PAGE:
7.  Local businesses need to support unique local events and institutions.  Those local events and institutions should try and find ways to support local businesses.  Getting people to your area to attend an event helps the community.  Good activities find different ways to expose guests to the people that support them.  Events are a winning partnership when people think about the "we".
8.  Small businesses should seek every opportunity to advocate for the community.  The same goes for consumers.  Things get better when we all take the responsibility to make them better.  When identifying opportunities and advocating for the community isn't "my problem", then it's harder to develop a solution.
9.  Small businesses should advertise in local media.  Local citizens should subscribe to and utilizeShop Local Posterlocal media.  Local media does a good job of letting the public know about businesses, events and the community in general.  Traditional advertising is a good way to reach out to the community.  Community members that complain about not knowing "what's going on" can remedy that simply by subscribing to, tuning in or accessing local media.
10.  Consumers should find ways to shop locally and encourage others to shop in their community (even if they live outside of the community).  Businesses (and their employees) should also shop locally and encourage others (even their staff and vendors) to consume in the local community.  Dollars spent in the community represent an investment.  Investing in local businesses means more potential investment in various parts of the community.  Advocacy starts by setting a good example.  Beyond the economics, we have some cool local places to shop, and some awesome people running local businesses that appreciate your support.
The rights of businesses and consumers aren't absolute if either expects success.  Businesses can't succeed without satisfying the needs of the consuming public.  Consumers can't have a successful community without supporting locally owned businesses.  We have a symbiotic economic relationship.  Businesses can ignore customer needs, at their own peril.  Consumers that fail to support local businesses have to bare some of the blame for vacancies or the lack of economic diversity.  It's just the reality of the situation.  So, both businesses and consumers (that's all of us) need to find ways to help support the community.  We all have an impact.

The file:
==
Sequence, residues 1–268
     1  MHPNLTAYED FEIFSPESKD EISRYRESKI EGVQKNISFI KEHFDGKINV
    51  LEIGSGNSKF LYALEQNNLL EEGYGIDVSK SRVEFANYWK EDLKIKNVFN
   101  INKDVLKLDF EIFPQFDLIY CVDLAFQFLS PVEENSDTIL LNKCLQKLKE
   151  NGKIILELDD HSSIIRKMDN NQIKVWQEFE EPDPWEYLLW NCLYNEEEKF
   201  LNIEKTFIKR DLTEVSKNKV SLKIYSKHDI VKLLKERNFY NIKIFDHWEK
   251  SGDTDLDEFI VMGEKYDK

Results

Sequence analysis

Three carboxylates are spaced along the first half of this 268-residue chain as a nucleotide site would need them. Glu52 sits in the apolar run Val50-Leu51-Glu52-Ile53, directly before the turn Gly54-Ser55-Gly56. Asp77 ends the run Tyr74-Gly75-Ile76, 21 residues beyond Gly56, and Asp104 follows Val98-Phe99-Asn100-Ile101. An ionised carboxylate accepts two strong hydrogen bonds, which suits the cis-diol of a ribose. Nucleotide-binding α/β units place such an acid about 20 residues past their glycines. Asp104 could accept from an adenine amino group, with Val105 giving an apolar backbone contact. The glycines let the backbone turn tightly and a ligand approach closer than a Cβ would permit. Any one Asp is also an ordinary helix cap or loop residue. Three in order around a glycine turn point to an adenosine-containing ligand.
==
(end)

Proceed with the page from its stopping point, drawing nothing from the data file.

Luckily, Emporia has a growing group of people that are looking beyond the "what can you do for me" and starting to think about how their actions can have a positive impact on the community.  If this "we" ideology continues, all of us (businesses and consumers) will benefit.
What business and consumer rights and responsibilities did we miss?  If you could add your own items, what would they look like.  What, as a business, do you wish consumers knew about your operation.  What, as consumers, do you wish businesses knew about your buying decisions?



About the Author

Casey Woods, Executive Director

Before accepting the director position in March of 2009, Casey worked in both retail and agricultural jobs in the family businesses. A lifelong resident of the Emporia Area, Casey was a ten year volunteer for Emporia Main Street prior to his appointment as director. During that time he served as the board president and chair of the Economic Vitality Committee.

Casey also serves as a partner in PlaceMakers, LLC, a consulting firm that routinely works with both large and small communities, and their businesses, to promote sustainable economic growth through community and economic development practices. Casey consults with businesses, organizations and communities to understand their market capacity and fill vacant spaces. He has been involved in two projects that included crowdfunding as a part of their overall business funding strategies, Radius Brewing and Twin Rivers Winery & Gourmet Shoppe.